Feature Article - Significant Tasmanian architecture of the 20th century
Contributed by Norma Calder, Royal Australian Institute of Architects
Some examples of early 20th century buildings include the GPO, the National Mutual Life building and the Carnegie Library, all designed by Alan Walker. Other notable buildings were the 1911 Henry Jones IXL Building, which was among the first reinforced concrete structures in Australia; the 1911 Hobart City Hall, a competition-winning design by R. N. Butler; the 1915 Heritage House in Victoria Street Hobart; the 1911 Launceston Examiner and Express Building; and the 1914 Mowbray Grandstand designed by A. H. Masters.
In the 1920s James Earle and Bernard Walker were involved in the development of the Cadbury Estate. Other buildings designed in this period included the ABC Broadcast House (formally Bursary House) at 22 Elizabeth Street, a fine example of glazed terracotta facade construction; the Campbell Street Primary School in Hobart and St Finn Barrs School in Launceston.
Early ‘Modern’ architecture was pursued in the 1930s by both Colin Philp and David Hartley Wilson; the original Wrest Point Hotel and Sunray Flats in Davey Street are two examples.
This era produced a new scale of buildings including the Hydro Electric Commission building, the T&G and CML Insurance company buildings, the Royal Hobart Hospital and the State Government Offices. Holyman House and the Star Theatre in Launceston are further fine examples of inter-war art deco.
S. W. T. Blythe emerged as one of the State’s most influential architects of the 20th century. In 1937 he designed Ogilvie High School and in 1944 the Goulburn Street School. In the 1950s, J. Esmond Dorney expressed an individual style in buildings such as Snow’s Dry Cleaning in Glenorchy, the Pius X Church in Taroona and numerous houses in Sandy Bay.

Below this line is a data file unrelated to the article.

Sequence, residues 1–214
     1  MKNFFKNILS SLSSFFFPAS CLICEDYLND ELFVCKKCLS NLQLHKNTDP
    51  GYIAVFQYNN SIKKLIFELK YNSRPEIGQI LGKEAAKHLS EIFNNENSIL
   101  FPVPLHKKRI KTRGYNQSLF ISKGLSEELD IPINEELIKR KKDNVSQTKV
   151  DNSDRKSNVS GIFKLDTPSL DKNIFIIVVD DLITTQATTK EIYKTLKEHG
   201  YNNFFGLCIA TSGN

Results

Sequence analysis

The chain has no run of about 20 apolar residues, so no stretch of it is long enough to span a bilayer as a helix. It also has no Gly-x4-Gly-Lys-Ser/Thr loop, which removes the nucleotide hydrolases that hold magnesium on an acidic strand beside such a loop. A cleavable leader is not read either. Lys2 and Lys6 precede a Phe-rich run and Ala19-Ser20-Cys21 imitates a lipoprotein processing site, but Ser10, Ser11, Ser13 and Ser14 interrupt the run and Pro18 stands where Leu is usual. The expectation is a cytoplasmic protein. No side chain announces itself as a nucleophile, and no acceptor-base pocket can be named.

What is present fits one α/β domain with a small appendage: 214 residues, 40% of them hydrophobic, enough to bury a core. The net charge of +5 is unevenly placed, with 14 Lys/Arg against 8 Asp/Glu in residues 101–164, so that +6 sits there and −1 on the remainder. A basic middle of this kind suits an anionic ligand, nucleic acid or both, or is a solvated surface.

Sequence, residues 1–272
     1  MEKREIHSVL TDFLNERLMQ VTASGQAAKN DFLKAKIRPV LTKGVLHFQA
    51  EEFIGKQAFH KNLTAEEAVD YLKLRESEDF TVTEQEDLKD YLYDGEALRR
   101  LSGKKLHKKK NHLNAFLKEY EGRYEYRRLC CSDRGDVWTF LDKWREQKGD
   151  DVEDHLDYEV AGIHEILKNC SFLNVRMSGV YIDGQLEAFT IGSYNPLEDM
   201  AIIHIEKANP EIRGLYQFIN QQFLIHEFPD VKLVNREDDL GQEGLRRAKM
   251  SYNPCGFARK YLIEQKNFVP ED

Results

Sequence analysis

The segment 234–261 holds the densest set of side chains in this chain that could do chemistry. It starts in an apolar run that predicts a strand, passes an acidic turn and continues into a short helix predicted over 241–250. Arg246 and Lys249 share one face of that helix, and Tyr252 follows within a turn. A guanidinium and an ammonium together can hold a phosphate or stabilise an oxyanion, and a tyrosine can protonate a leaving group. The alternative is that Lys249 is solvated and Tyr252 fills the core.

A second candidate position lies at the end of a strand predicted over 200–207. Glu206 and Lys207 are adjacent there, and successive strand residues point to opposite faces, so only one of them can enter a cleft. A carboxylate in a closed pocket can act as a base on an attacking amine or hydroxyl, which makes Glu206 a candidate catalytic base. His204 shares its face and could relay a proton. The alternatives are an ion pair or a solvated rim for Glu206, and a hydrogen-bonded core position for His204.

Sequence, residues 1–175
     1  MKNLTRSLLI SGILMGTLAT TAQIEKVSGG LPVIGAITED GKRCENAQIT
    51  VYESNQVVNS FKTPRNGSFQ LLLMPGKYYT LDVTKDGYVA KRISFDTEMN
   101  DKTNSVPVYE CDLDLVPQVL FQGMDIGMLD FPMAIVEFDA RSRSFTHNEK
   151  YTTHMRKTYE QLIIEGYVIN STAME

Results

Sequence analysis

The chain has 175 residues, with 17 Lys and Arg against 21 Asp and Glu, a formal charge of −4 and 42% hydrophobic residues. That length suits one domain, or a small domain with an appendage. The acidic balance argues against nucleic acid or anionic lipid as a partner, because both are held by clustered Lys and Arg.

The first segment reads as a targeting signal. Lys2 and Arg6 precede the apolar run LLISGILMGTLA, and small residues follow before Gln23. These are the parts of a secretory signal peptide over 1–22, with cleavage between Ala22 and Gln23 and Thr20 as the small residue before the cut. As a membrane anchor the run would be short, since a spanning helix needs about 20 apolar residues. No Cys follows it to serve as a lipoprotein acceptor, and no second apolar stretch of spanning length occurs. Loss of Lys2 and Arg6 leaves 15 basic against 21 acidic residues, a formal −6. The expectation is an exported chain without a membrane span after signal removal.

The State Library was constructed in 1960 by the Public Works Department, and during the 1960s Hartley Wilson and Dirk Bolt completed Christ College Residential Units in Sandy Bay, Murray Street State Offices and the Cat and Fiddle Arcade in Hobart.
A commercial office boom in the early 1970s led to the construction of the MLC, TGIO and Lands Buildings. High rise spread to the suburbs with Empress Towers and, in 1973 Wrest Point Casino, designed by Roy Grounds. In the late 1970s and early 1980s notable buildings included the Hobart Animal Hospital and the Banks Paton Building designed by Heffernan Nation Rees Viney; the Rokeby Fire Station, designed by Howroyd & Forward; and the Crown Mill complex in Launceston, designed by Glenn Smith Associates.
Notable buildings in the 1990s included the Lake St Clair Park Centre designed by Eastman Heffernan Walch & Button; Pipers Brook Winery designed by Robert Morris-Nunn; and Ken Latona's ecologically sustainable tourist development at the Friendly Beaches, which won a national citation for ecologically sustainable buildings. Winning architects of a triennial award in the 1990s have included Eastman Heffernan Walch & Button for a house in Taroona, Barry McNeil for a house at Kettering, and Forward Viney and Partners for their copper-clad Furmage/Forward House at Sandy Bay. In 1996, the Torquil Canning House, a small stone house at Fern Tree, designed by Jacob Allom Wade, received a national commendation.
Award-winning examples of recycled buildings and conservation include the Penitentiary Chapel and Criminal Courts designed by the Architects Alliance, the University of Tasmania Conservatorium of Music designed by Forward Viney Woollan and the Tasmanian Aboriginal Centre in Launceston designed by Bush Parkes Shugg & Moon.